Where you are getting the 881 busway data from? I caught the 881 bus from Torbay in its early days and there were 60 people on by Albany and it nearly always filled at Constellation or Sunnynook. It was a bendy bus so had around 115 people on it. Someone at Akoranga never bothered to try to catch it. The NZ Bus did not increase the numbers from 8 to 76 per day for fun but as a business, this earned them money.
          The 881 why you no come was about getting more buses. AT said “hold-on” there is a new network coming. The 881 maxed at 76 per day and data showed in 2018 it carried about 5,000 people trips per day for 76 trips or 66 per bus. The major improvement with the new network was increasing this to 254 per day at 54 per bus.

        2. As someone who actually caught the 881 from Torbay, because I lived on the Torbay segment, I call total bullshit on your claim of 60 people on the bus when it arrived at Albany. I probably caught it over 100 times and the bus never had 16 passengers, let alone 60, it was an average of about 6. About 10 times I was the only passenger on board before Albany.

          I’m not going to argue every other point in your post, because after the new network was introduced, ridership exploded. The system is obviously better.

        3. If you put all 30 Waikato and Bay of Plenty players they probably would beat 15 All Blacks. The New Network had a lot ,more resource to apply to the trunk and the feeders by taking out under utilised buses like the 886 and 887 . It was nearly impossible not to do better.

        4. I have the data from my files, I have collected timetables and patronage reports for the last fifteen years or so.

          A couple of points. Yes, the 881 why you don’t come crowd wanted more buses, because they buses on the timetable didn’t come because they were held up and unreliable. Do you see the same kickback for the NX2?

          The 881 wasn’t a commercial service, it was contracted by AT under subsidy. NZ bus ran more buses because AT paid them to. At paid them because it was a very effective moving people along the busway to the universities. They also sliced off the suburban end to make it more effective and carry more people and do better for the subsidy. The only reason they did this with the 881 was that it was quicker to modify an existing contract to add more buses than to open a new busway-only service.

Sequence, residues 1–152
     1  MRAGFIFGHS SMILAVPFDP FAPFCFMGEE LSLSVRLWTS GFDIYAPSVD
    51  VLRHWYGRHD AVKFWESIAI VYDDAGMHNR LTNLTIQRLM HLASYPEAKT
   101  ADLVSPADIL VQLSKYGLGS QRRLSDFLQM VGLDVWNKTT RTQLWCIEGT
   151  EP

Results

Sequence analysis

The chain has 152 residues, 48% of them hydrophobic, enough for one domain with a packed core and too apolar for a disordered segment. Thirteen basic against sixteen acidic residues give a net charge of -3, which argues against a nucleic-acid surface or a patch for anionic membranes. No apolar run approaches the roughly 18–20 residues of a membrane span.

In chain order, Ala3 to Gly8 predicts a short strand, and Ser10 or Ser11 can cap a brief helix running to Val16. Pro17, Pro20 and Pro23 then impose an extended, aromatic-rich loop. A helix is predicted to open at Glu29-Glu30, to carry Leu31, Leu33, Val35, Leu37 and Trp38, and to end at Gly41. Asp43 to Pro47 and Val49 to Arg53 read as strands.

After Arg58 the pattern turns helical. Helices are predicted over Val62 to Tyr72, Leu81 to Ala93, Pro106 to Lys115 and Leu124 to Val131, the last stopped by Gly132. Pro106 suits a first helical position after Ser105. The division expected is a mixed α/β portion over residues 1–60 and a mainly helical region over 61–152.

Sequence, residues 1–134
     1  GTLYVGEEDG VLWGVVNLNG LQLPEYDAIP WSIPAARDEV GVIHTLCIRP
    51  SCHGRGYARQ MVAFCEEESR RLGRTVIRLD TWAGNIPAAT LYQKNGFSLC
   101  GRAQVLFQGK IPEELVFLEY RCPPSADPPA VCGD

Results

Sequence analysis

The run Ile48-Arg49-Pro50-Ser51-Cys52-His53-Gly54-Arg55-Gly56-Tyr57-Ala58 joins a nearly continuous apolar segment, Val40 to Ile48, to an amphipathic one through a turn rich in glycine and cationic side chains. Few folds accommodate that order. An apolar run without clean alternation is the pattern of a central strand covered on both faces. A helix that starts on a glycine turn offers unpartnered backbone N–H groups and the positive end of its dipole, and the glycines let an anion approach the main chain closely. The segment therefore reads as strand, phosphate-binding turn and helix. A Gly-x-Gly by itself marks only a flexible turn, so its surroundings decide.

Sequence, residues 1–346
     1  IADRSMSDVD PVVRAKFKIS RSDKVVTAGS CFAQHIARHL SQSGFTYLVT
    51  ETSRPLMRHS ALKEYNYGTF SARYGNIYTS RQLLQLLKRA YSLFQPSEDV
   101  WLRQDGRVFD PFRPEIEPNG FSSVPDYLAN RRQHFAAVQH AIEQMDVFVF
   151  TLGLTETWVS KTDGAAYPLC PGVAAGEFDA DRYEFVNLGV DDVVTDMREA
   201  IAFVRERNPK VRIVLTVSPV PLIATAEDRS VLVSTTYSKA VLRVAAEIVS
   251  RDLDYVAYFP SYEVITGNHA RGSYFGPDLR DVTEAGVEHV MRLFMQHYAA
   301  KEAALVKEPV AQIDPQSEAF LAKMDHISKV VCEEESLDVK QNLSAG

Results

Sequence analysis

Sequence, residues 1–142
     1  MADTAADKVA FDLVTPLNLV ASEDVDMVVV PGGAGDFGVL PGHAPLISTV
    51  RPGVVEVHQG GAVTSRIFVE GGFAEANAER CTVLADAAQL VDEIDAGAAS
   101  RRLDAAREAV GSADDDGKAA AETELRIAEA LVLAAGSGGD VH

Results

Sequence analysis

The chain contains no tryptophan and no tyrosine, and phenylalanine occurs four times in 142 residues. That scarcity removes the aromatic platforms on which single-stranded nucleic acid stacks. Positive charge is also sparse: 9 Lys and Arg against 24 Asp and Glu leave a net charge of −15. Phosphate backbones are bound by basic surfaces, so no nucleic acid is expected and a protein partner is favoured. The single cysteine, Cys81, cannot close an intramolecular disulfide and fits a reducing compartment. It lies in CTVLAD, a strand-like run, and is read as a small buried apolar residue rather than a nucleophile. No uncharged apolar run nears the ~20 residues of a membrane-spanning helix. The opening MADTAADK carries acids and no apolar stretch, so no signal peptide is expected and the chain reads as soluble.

You might want to note that by 2018 the 881 was re-contracted and changed to being a busway and city only service, starting at Albany station with a few extras starting at Constellation. The suburban end became the 882 at the time. So it seems the best move they made for 881 patronage was to separate it from the long, unreliable and expensive suburban tail.

          As the busway to university service the 881 had it’s role replaced by the NX2. The NX2 carries about 13,000 trips a day.

  27. Question to author
    I noticed that in your 2009 Blog model you had buses connecting at a central place but not terminating (carrying on their journey to the other side of the city). You state this is a good thing “but one-third of the market (those still served by a direct route) have an even faster trip.” This is different in the book is where buses are shown terminating in the middle.
    I wondered why there is a difference? Did you find problems with the 2009 model?
    Which model is easier to explain to people?

    Answer
    I didn’t intend the drawing in the book to imply that the buses terminate in the middle. They still run through so that 1/3 of the market gets direct trips.

  28. Sailor boy happy to compare with you times for transfers. There is always going to be sometime
    How do you suggest it is calculated

  29. Is there any reason LR can’t go over the Mangere (motorway) bridge? If it’s using the motorway anyway, except for a short detour into Onehunga which is already served by heavy rail.

    1. Because

      – you need to double track the Onehunga line
      – you need a grade separated junction at Penrose

      And in doing so you reduce the capacity in the CRL available to all other lines

      OR you do all that only do have poor frequency of every 20 minutes

      1. FFS read that has HR over the bridge.

        Attempt 2 – you need to double track it so I think the absolute token effort of future proofing the motorway bridge does not allow this I believe

  30. The queen street portions are a bit ridiculous. We are spending billions more to build another line around 200 to 400m away from the crl all the way from the bottom of queen street to past mt eden station without ever having an ACTUAL transfer point.

    How about the dominion rd line actually goes into mt eden station and then down symonds st. Providing space between the corridors and a genuine transfer point.

    1. You can find it in the original AT proposal for light rail. They think Symonds street is too busy with busses from other corridors in the south and isthmus to really be an option. Aside from the construction disruption to such a heavy use PT corridor (that queen street is not)
      interlining busses with LRVs isn’t really a good option when there are so many busses.
      And while it does look better on a map to not duplicate a corridor, the bigger destination is centred on queen street.